One of the first steps when getting more serious about producing video content with a smartphone is to look at the more advanced video recording apps from 3rd party developers. Popular favorites like „FilmicPro“ (available for both Android and iOS) usually offer way more image composition controls, recording options and helpful pro features that you find on dedicated video cameras than the native stock camera app provided by the maker of the smartphone. While quite a few stock camera apps now actually have fairly advanced manual controls when shooting photos (ability to set ISO and shutter speed might be the most prominent example), the video mode unfortunately and frustratingly is still almost always neglected, leaving the eager user with a bare minimum of controls and options. In 2015 however, LG introduced a game changer in this regard: the V10. For the first time in smartphone history, a phone maker (also) focused on a full featured video recording mode: it included among other things the ability to set ISO and shutter speed, lock exposure, pull focus seamlessly, check audio levels via an audio level meter, adjust audio gain, set microphone directionality, use external microphones, alter the bit rate etc. etc. Sure, for certain users there were still some things missing that you could find in 3rd party apps like the option to change the frame rate to 25fps if you’re delivering for a PAL broadcast but that’s only for a very specific use case – in general, this move by LG was groundbreaking and a bold and important statement for video production on a smartphone. But what about other phone makers? How good are their native camera apps when it comes to advanced options and controls for recording video? Can they compete with dedicated 3rd party apps?
First off, let me tell you why in most cases, you DO want to have a 3rd party app for recording video (at least if you have an Android phone): external microphones. With the exception of LG, Samsung (and I’m told OnePlus) in their recent flagship lines (plus Apple in general), no stock camera app I have come across supports the use of external microphones when recording video. Having good audio in a video is really important in most cases and external microphones (connected via headphone jack, microUSB, USB-C or Lightning connector) can be a big help in achieving that goal.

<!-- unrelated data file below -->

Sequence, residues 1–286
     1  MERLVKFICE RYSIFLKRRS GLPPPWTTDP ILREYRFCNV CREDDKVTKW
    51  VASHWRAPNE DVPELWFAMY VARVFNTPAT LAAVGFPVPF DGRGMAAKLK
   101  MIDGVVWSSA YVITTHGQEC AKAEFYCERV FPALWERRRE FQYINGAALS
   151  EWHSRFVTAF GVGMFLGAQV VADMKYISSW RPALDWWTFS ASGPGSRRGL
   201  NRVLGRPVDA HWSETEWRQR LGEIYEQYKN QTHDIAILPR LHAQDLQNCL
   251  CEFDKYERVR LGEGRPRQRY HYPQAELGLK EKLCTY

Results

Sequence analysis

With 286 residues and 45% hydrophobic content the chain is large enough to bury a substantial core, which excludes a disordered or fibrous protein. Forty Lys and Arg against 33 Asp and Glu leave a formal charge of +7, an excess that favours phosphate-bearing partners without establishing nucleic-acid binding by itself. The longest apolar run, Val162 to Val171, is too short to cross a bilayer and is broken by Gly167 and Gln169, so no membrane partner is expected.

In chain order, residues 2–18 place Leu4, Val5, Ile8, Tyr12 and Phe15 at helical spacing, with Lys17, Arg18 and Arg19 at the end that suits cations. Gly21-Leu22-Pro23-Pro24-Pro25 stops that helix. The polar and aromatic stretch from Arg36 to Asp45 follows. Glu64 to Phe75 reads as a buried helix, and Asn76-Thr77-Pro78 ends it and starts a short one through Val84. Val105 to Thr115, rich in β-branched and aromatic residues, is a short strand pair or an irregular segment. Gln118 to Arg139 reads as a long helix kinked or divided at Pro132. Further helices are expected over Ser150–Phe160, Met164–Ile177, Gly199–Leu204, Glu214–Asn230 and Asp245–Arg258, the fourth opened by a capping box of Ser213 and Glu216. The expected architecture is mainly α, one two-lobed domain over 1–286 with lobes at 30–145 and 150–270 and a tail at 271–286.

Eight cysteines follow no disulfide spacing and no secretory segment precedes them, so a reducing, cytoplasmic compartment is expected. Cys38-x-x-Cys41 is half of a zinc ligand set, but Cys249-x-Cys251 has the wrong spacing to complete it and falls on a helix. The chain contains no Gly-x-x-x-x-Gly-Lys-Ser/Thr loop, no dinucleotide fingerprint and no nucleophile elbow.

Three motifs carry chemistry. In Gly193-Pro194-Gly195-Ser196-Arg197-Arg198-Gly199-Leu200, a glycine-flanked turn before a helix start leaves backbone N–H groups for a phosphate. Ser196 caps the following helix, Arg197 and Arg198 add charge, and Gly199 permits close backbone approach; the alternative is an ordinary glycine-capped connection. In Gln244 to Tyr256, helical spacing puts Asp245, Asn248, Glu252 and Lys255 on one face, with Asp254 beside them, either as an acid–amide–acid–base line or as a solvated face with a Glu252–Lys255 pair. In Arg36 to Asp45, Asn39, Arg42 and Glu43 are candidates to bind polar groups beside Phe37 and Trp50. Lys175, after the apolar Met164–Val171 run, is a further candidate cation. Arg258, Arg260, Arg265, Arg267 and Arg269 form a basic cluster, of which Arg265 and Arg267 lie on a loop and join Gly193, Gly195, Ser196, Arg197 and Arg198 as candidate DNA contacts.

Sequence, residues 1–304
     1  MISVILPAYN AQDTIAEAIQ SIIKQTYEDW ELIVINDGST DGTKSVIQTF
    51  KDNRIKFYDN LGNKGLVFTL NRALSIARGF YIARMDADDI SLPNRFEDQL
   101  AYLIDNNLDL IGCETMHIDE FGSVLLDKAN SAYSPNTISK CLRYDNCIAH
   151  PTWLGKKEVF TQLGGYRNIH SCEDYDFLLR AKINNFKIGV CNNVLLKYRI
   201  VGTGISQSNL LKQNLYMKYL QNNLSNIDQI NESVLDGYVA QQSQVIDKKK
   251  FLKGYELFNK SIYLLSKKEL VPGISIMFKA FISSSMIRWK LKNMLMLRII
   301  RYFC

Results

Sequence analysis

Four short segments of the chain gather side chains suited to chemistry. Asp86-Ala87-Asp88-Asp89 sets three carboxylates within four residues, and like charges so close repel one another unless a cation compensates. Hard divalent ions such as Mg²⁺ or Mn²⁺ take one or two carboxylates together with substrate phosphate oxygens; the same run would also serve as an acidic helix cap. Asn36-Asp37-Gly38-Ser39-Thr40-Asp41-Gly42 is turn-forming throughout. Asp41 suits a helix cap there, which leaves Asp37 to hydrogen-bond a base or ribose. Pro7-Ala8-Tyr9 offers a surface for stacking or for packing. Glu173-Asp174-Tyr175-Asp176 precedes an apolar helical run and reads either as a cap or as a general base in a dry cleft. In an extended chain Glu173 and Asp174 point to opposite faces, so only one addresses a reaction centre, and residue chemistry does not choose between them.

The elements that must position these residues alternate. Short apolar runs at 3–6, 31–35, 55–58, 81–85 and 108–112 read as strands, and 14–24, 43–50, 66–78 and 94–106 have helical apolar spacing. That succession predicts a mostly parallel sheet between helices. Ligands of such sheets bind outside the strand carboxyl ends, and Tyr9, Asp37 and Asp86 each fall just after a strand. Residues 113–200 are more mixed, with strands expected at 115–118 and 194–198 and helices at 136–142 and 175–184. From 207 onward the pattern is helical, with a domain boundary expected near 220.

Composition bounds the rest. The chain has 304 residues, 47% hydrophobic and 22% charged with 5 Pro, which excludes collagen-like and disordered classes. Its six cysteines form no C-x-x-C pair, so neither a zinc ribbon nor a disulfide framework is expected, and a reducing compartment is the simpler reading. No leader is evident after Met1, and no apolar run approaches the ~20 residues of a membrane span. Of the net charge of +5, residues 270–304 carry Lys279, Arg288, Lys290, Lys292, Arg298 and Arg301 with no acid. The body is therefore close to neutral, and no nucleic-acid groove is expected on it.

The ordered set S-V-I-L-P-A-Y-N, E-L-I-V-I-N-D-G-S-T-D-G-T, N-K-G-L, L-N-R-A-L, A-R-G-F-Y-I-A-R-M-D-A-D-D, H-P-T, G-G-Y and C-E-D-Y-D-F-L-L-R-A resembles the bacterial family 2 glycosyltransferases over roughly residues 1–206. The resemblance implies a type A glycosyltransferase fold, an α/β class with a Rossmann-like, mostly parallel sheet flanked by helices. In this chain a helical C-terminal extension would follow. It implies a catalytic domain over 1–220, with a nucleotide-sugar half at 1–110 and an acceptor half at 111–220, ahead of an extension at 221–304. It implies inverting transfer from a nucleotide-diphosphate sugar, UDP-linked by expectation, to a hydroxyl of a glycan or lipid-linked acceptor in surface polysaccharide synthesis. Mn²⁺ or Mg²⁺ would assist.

So why would you use a stock camera app over a dedicated 3rd party app at all? Familiarity. I guess many of us use the native camera app of a smartphone when snapping casual, everyday photos and maybe also videos in non-professional situations. So why not build on that familiarity? Simplicity. The default UI of most native camera apps is pretty straight-forward and simple. Some might prefer this to a more complex UI featured in more advanced 3rd party apps. Affordability. You don’t have to spend a single extra penny for it. I’m generally an avid advocate of supporting excellent 3rd party app developers by paying for their apps but others might not want to invest. The most important reason in my opinion however is: Stability/Reliability. This might not be true for every stock camera app on every phone (I think especially owners of Sony phones and lately the Essential Phone could beg to differ) but because of the fact that the app was developed by the maker of the phone and is usually less complex than 3rd party apps, chances are good that it will run more stable and is less prone to (compatibility) bugs, especially when you consider the plethora of Android devices out there. The V10’s stock camera app, despite being rather complex, is rock-solid and hasn’t crashed on me once in almost 2 years now.
Over the last months I have taken a closer look at a whole lot of stock camera apps on smartphones from LG, Samsung, Apple, Huawei, Sony, Motorola/Lenovo, Nokia (both their older Windows Phone / Windows Mobile offerings AND their new Android handsets), HTC, Nextbit, BQ, Wiko and Google/Nexus. It goes without saying that I wasn’t able to inspect stock camera apps on all the different phone models of a manufacturer. This is important to say because some phone makers give their flagships models a more advanced camera app than their budget devices while others offer the same native camera app across all (or at least most) of their device portfolio. Also, features might be added on newer models. So keep in mind, all I want to do is to give a rough overview from my perspective and offer some thoughts on which phone makers are paying more attention to pro features in the video recording department.